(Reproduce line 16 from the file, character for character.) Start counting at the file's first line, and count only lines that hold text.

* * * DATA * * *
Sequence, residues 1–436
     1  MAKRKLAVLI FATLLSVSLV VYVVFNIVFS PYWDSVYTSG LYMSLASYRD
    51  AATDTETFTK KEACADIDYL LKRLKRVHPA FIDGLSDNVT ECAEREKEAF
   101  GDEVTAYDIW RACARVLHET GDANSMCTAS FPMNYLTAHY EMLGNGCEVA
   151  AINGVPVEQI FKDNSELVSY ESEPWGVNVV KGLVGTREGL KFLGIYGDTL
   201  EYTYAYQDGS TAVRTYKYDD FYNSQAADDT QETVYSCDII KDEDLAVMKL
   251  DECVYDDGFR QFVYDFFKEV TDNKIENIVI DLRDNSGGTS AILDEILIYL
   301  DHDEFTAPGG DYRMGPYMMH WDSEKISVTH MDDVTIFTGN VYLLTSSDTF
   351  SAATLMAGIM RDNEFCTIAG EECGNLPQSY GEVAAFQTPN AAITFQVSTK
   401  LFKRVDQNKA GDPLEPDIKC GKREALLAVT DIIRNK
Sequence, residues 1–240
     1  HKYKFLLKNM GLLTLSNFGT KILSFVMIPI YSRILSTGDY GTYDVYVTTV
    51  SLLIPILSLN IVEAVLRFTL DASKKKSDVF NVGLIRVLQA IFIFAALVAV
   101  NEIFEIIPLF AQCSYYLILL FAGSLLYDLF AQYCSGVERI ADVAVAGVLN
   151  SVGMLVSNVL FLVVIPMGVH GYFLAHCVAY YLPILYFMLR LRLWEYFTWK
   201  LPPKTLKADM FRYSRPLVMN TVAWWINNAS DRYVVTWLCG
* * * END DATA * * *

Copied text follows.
   201  LPPKTLKADM FRYSRPLVMN TVAWWINNAS DRYVVTWLCG